Non-invasive Vagus Nerve Stimulation (VNS)
Non-invasive Vagus Nerve Stimulation (VNS) activates the nerve that connects several neurophysiological pathways that regulate neuroinflammation processes, enabling the improvement of essential body functions.
On each side of the body there exists a tract of the vagus nerve that is part of the cranial nerves and extends to the abdomen. The vagus nerve regulates the proper functioning of organs from the larynx, heart and intestines.
Non-invasive vagus nerve stimulation (VNS) activates the nerve that connects several neurophysiological pathways that regulate neuroinflammation.
James Leonard Corning (1855-1923) first applied transcutaneous, electrical stimulation of the vagus nerve to treat seizures. In 1997 the FDA approved vagus nerve stimulation for seizures and epilepsy.
We have scientific evidence of VNS application in Depression, Mood Enhancement, Pain Relief, Improved Sleep and Anxiety reduction. Moreover, several studies now investigate its ability to modulate cardiac and inflammatory functioning.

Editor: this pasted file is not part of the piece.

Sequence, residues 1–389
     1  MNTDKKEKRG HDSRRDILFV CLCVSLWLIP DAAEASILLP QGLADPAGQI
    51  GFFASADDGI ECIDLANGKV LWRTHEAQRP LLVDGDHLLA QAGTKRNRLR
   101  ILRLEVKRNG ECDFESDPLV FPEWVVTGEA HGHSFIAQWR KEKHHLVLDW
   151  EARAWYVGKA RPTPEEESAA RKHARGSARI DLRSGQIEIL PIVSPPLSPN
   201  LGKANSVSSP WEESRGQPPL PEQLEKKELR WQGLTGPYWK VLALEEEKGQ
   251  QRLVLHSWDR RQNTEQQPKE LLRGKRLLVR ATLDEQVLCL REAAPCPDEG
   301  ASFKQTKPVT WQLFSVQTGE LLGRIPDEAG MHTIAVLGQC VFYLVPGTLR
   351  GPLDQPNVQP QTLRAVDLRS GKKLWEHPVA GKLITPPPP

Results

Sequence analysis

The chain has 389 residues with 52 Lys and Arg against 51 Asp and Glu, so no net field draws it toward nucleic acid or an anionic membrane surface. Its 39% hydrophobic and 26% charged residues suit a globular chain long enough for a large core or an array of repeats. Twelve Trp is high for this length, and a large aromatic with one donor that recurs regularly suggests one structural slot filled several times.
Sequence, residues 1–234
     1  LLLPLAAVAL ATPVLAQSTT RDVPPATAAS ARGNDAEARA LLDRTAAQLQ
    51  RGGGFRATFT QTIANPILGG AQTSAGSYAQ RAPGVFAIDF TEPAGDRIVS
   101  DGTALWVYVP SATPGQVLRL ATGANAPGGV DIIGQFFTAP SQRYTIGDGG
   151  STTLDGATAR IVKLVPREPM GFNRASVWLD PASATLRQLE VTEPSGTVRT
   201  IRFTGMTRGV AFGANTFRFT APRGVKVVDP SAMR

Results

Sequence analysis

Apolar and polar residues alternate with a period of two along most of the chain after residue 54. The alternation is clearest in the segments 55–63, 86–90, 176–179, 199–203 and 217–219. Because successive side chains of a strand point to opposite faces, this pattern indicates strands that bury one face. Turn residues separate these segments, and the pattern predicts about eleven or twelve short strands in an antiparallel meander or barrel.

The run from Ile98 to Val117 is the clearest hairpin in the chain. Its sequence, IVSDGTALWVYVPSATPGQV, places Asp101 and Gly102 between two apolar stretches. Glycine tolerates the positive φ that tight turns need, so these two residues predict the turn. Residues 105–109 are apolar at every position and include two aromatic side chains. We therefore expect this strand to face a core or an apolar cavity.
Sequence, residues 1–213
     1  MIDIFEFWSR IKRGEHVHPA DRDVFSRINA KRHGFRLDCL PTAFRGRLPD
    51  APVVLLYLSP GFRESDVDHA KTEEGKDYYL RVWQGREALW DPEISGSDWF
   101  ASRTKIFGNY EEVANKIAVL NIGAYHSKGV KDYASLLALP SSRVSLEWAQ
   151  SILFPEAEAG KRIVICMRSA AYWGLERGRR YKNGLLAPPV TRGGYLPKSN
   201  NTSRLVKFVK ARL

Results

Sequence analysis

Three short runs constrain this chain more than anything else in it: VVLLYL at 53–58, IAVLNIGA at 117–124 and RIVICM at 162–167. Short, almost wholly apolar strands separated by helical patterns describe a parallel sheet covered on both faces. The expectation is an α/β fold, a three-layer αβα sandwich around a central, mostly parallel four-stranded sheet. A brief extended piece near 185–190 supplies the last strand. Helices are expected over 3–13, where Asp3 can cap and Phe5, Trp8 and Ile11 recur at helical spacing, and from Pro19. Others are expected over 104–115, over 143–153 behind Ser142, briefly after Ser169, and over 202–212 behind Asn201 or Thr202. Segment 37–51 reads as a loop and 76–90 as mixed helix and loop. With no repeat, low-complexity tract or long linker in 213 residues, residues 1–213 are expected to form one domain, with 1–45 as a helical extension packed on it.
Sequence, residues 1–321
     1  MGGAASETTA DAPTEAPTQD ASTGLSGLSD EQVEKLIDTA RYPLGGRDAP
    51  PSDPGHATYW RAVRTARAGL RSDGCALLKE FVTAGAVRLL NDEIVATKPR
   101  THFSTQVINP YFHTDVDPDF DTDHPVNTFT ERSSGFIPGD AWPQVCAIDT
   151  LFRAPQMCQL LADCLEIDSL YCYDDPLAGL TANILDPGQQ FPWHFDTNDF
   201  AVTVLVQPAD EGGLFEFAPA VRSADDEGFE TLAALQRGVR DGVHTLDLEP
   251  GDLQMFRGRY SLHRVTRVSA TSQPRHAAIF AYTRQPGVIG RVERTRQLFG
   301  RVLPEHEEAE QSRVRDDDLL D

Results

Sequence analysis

Mechanism of action
The Orthosympathetic Nervous System (SNS) and the Parasympathetic Nervous System (PNS) are part of the Autonomic Nervous System, which typically regulates unconscious autonomic processes. PNS generally controls homeostasis and the body's response to rest and digestion. The SNS controls responses to a perceived threat and is commonly referred to as a "fight or flight" response.
Excessive activation of the SNS can lead to many chronic conditions favoring the appearance of levels of the so-called "Low Inflammation."
Vagus Nerve Stimulation has been shown to increase PNS activity, thereby decreasing SNS activity and reducing inflammation. Thus, we apply this stimulation to improve essential body functions.